Christopher X J. Jensen
Associate Professor, Pratt Institute

Food is personal, sometimes ethical, but rarely political

Posted 15 Jan 2016 / 0
2016-01-15bImage courtesy of Nick Gray via Wikimedia Commons

The Chronicle of Higher EducationThe Vegetarian Lesson

This article by Chad Lavin neatly distills ideas and issues that I have been grappling with for more than half my life. As a current-day ecologist who was a vegetarian more than a decade before I took my first ecology course, I have always struggled with how to have the dietary choices conversation with my students.

As Lavin points out, any discussion of the environmental impact of meat almost immediately centers on individual (in other words consumer) choice. Sometimes that individuality is expressed as a defensiveness on the part of meat-eating students. Or, as Lavin points out — and I have also experienced — sometimes the individual nature of dietary choice is expressed as a professorial litmus test. Like Lavin, I find this test maddening even as I pass it with flying colors (I get extra points for being mostly vegan for over two decades, but it turns out those points can’t be redeemed for any sort of meaningful social change).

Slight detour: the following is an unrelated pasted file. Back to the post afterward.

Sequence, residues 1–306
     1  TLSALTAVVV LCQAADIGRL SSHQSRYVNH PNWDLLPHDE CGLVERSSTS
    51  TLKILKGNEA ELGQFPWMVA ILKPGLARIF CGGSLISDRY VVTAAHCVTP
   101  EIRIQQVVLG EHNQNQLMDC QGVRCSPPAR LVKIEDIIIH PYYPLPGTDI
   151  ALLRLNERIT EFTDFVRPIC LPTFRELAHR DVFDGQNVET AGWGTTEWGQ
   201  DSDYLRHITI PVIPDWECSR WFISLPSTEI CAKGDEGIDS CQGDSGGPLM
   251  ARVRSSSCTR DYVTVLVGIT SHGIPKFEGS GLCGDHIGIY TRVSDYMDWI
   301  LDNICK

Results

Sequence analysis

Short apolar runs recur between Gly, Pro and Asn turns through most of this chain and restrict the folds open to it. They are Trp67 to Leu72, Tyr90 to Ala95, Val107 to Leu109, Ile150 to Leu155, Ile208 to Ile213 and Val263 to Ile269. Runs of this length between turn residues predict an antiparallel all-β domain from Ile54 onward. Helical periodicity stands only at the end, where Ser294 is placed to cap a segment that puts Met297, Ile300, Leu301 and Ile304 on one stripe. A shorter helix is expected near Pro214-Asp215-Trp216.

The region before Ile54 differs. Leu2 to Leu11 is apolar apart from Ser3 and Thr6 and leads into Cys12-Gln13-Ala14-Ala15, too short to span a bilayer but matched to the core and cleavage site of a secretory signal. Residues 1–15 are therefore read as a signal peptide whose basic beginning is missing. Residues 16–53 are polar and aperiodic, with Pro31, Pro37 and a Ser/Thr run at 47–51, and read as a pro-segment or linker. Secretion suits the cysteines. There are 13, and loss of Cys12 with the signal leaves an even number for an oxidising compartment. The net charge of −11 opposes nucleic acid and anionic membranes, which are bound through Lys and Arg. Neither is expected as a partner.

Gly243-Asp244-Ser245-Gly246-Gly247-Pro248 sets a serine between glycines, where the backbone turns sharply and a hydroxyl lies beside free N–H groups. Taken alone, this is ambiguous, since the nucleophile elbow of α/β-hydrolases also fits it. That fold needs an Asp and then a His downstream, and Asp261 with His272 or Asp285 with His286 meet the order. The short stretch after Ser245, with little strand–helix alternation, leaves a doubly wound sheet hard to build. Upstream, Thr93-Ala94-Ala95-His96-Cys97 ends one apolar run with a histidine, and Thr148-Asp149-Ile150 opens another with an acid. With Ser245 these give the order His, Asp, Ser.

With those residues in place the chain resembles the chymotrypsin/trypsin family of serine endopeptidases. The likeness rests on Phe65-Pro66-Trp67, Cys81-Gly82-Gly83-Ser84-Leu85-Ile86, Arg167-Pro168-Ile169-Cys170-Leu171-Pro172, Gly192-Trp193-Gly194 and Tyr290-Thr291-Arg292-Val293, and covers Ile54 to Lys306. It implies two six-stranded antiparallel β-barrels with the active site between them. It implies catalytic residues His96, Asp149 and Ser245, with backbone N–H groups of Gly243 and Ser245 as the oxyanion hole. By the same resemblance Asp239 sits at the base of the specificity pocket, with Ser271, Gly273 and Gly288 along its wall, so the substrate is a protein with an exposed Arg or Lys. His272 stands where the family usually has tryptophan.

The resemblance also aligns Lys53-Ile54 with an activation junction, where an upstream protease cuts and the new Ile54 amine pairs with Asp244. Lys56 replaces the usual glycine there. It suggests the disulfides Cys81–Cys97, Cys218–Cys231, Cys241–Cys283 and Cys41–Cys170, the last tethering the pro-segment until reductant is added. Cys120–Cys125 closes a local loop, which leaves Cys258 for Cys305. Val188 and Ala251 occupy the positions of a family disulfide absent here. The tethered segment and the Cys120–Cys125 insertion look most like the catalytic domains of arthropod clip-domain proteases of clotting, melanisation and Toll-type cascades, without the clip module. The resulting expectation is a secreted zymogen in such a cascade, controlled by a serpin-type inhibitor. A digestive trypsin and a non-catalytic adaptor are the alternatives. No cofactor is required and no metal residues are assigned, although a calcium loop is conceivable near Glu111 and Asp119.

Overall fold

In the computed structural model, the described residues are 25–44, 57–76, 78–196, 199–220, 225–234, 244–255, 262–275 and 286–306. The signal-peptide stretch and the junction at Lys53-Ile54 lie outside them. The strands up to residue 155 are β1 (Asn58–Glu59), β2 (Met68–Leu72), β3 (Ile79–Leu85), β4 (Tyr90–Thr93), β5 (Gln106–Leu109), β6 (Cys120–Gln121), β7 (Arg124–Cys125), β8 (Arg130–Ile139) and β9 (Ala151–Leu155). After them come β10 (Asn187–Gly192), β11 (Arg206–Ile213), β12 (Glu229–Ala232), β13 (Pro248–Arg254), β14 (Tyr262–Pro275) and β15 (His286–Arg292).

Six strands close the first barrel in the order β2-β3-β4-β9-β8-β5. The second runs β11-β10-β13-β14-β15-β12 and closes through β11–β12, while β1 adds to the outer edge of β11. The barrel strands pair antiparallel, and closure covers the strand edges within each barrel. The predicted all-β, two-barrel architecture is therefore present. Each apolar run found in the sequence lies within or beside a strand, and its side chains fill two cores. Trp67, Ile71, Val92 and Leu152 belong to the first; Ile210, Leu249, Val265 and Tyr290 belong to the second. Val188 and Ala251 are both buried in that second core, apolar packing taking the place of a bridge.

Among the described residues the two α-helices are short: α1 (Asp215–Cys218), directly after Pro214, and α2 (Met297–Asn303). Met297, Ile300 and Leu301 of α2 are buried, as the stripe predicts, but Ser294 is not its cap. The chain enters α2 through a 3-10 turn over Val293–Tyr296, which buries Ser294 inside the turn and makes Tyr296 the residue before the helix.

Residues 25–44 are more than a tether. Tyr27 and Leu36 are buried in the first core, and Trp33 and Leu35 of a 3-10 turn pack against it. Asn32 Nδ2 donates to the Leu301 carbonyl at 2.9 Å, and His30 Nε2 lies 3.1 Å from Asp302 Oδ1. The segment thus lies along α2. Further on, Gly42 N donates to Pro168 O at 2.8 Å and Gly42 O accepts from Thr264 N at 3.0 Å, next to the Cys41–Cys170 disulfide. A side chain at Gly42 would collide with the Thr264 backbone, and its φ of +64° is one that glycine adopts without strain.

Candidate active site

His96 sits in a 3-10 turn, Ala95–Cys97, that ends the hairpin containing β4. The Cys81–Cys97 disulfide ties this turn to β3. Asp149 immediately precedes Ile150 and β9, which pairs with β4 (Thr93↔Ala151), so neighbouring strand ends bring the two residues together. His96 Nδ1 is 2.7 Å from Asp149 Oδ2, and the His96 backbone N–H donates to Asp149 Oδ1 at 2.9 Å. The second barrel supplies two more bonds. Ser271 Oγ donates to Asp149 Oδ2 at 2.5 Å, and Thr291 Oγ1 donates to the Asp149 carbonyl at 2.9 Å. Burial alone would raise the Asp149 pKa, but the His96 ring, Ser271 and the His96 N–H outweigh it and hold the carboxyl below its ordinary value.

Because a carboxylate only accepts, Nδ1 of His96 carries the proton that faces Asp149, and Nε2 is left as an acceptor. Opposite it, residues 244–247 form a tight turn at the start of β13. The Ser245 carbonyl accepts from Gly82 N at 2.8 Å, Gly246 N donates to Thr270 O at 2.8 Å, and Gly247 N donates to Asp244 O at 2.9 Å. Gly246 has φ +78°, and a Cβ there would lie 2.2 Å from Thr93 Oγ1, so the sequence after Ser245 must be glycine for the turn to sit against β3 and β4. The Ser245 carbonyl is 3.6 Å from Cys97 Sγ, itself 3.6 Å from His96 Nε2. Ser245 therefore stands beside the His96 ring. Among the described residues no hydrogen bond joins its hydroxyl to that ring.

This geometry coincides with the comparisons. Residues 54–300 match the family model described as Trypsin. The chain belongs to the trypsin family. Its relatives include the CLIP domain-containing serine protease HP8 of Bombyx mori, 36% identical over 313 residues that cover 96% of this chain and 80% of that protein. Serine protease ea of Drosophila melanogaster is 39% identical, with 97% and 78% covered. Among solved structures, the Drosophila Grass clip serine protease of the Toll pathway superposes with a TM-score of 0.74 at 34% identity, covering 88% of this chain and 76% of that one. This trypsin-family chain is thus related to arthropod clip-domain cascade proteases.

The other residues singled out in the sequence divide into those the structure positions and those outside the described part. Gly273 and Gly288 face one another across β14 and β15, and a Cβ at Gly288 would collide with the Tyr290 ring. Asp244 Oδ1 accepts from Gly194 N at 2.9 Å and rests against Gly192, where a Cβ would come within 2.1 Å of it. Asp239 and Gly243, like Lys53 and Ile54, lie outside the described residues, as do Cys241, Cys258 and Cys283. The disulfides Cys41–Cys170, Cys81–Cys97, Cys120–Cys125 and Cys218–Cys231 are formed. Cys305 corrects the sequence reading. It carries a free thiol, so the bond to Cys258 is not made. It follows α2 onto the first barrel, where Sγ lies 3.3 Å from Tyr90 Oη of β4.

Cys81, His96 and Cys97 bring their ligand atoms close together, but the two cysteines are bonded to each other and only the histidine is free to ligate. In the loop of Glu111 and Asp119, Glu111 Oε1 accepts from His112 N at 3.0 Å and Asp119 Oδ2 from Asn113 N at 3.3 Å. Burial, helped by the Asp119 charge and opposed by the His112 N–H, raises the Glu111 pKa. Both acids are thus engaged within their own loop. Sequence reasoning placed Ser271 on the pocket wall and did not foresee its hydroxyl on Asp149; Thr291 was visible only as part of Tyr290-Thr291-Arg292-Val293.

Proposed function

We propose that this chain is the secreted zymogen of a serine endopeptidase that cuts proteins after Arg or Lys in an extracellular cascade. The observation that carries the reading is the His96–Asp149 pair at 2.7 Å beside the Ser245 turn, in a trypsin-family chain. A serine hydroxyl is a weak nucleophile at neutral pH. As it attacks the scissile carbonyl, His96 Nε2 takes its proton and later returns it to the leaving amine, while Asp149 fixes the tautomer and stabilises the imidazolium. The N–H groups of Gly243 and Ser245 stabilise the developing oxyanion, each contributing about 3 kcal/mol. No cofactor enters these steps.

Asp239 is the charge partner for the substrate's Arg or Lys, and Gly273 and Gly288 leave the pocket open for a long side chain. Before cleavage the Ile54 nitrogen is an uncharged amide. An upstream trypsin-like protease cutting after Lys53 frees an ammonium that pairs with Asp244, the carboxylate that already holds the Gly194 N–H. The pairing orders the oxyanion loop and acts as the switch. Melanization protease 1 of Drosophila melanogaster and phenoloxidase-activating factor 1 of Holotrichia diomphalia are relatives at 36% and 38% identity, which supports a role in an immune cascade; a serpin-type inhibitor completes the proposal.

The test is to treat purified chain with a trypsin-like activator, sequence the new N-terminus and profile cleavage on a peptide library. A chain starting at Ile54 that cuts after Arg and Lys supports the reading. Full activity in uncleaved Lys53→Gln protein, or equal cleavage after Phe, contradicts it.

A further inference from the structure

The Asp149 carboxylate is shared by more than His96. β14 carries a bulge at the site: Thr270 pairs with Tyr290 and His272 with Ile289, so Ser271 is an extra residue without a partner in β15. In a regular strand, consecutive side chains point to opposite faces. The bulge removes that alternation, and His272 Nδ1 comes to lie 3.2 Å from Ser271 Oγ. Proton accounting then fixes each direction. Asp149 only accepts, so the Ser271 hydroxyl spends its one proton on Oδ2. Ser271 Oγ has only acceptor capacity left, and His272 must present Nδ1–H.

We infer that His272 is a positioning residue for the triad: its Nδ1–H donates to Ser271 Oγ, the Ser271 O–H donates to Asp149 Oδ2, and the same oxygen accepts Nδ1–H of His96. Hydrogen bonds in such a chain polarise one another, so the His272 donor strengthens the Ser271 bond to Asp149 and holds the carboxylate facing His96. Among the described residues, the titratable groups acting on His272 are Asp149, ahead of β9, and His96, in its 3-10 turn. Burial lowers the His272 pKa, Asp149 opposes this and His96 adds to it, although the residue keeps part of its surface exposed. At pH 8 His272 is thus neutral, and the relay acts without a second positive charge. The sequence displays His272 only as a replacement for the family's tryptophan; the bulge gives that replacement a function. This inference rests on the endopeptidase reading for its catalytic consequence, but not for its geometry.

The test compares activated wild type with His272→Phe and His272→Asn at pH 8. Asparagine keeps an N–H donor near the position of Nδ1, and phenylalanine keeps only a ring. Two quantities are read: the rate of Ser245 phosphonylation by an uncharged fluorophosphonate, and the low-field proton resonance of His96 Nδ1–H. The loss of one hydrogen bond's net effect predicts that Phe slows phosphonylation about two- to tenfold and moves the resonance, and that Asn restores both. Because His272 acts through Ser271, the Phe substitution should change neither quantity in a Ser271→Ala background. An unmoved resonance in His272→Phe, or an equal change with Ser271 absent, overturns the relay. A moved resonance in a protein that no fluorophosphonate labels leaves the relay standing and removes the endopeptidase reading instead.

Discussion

My favorite observation in this essay is that students maintain an unusual comfort in assuming — and asking whether — their professor who teaches about vegetarianism actually is a vegetarian. Why is this?

Lavin seems to be onto something: we fundamentally lack the ability to treat the way we eat as a political issue, even as our dietary choices are profoundly influenced by the politics of our society. If radical philosophers can point out that meat eating is genocidal and still treat the decision to eat meat on an individual level, there’s clearly a massive blind spot here.

Food is obviously a part of our political systems, and our inability to see that clear fact is telling. I see deep biological roots in our tendency to view food as a deeply personal choice: it appears we have evolved to have a powerful reverance for the eating decisions of others. This makes a lot of sense when we consider our roots as a group-foraging, tribal species: respecting how, what, and when your fellow group members decided to eat was likely key to our survival. And yet our ancestors must have also faced a smaller-scale dilemma that was analogous to the challenge that we face now on a global scale: the dietary decisions of others impact the stability and quality of our shared food supply. Facing that dilemma means letting go of food as simply an expression of individuality.

A Minor Post, Anthropogenic Change, Articles, Behavior, Belief, Cooperation, Food, Parasitism, Political Science, Predation, Public Policy, Resource Consumption, Uncategorized

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